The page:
The government has decided that in the interests of "patient choice" we all must have the choice of the "consultant-led team" for our care. This is an attempt to get closer to the US system of patient referrals. Self referrals are one of the causes of the high costs of the US system. If an American colleague gets a rash they will go and see "their" dermatologist. If I get a rash I will see my GP and if my GP thinks the rash needs the opinion of someone more specialist, I will be referred to the consultant dermatologist. The NHS system ensures that you get care according to need. It is the GP who decides what that need is: can they deal with it, or does it need a specialist. This is NHS prioritising, which some people call "rationing", but it is rationing only in the sense that GPs "ration" the work of the specialists to only those who need it. I have had countless arguments with American colleagues who interpret NHS prioritising as a form of denial of care. It isn't. The NHS ideal is that we get the care prioritised according to our clinical need. Those who do not get the care, do not need it.
Diabetic retinopathy cannot be "cured", so I still have 6 monthly monitoring of my retinas. If I was given the choice of consultant I would choose the eye surgeon who had operated on my eyes. I like his manner and how he explains my condition to me. But I also know that he is considered the best eye surgeon in the region. When it comes to their health, everyone wants the best. Every surgeon's time is limited, so he limits his time to the more serious conditions. My eyes are stable, so I will be a waste of his time and expertise. That is the way that the NHS works and it means that regardless of who you are or what you earn, if you need the expertise of the top clinician in the country, you will get it.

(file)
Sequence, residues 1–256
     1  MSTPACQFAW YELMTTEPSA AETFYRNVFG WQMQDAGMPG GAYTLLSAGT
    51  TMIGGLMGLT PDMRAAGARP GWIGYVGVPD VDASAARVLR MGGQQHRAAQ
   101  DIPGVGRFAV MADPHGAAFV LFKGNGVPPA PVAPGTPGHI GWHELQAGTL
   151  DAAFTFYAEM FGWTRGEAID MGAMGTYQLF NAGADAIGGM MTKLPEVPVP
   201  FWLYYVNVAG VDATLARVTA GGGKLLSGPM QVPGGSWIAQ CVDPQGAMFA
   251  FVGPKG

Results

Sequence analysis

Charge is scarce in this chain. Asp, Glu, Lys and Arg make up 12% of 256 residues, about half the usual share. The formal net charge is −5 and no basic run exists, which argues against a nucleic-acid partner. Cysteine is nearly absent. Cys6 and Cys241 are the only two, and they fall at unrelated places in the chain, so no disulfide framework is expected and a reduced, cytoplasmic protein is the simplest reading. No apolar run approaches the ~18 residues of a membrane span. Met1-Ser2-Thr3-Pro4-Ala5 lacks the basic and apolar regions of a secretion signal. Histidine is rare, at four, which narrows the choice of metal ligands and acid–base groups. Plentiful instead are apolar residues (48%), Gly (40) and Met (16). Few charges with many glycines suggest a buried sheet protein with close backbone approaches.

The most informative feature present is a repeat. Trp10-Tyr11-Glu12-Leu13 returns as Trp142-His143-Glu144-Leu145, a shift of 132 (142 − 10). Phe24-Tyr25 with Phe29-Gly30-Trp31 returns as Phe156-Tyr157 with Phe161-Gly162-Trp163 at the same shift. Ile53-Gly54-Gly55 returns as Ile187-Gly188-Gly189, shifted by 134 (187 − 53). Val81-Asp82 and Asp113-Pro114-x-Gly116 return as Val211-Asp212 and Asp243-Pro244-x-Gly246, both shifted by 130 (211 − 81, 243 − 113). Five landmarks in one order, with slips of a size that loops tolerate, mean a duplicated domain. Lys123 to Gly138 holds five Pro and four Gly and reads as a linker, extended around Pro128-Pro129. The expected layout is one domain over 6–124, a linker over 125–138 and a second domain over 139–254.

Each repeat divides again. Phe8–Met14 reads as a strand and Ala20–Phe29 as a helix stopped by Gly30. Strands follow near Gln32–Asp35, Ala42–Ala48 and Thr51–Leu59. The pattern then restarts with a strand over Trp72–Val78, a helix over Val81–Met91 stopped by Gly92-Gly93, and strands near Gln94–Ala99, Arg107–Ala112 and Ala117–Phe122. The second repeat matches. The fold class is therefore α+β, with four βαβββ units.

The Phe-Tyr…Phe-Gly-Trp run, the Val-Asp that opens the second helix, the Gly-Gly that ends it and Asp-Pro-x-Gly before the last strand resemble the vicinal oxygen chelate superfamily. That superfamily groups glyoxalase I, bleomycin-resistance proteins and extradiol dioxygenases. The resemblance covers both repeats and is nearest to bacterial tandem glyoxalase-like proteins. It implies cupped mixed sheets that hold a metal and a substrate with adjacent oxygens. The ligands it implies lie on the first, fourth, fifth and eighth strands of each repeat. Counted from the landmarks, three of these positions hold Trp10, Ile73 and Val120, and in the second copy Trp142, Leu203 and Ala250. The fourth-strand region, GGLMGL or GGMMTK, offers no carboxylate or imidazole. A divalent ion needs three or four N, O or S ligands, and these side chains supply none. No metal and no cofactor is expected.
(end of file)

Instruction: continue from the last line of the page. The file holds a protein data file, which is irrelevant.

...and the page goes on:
In the US the rationing of expertise is carried out through money: only those with the most amount of money can afford the best. In the NHS the "rationing" is carried out according to clinical need.
Lansley's plan of choice of "consultant-led team" will be a failure. The guidance says:
"Patients who want to should be able to choose a particular named consultant-led team for their first consultant-led outpatient appointment where it is clinically appropriate. The right to access services within maximum waiting times under the NHS Constitution continues and applies to patients who choose to be referred to a named consultant-led team."
The 18 week referral to treatment waiting time target means that the more popular consultants (inevitably the most skilled) cannot handle the increased numbers of patients through longer waiting times. The only tool they have is the interpretation of the terms "consultant-led team" and "clinically appropriate". This policy will fail to give the patients the consultant they demand because responsible consultants will interpret "consultant-led team" to mean that they can delegate a patient to another doctor who is part of their team. They will also interpret "clinically appropriate" as I have outlined above: the consultant will see the higher priority cases and his junior staff will see the rest.
Lansley does not expect this policy to succeed because he knows that it cannot succeed. However, even as a failure this policy will achieve what Lansley wants: it will increase patient demand for self-referral, and that will lead us to a healthcare system that will be worse for us because we will not get the care we need, and it will lead to a system that most of us cannot afford.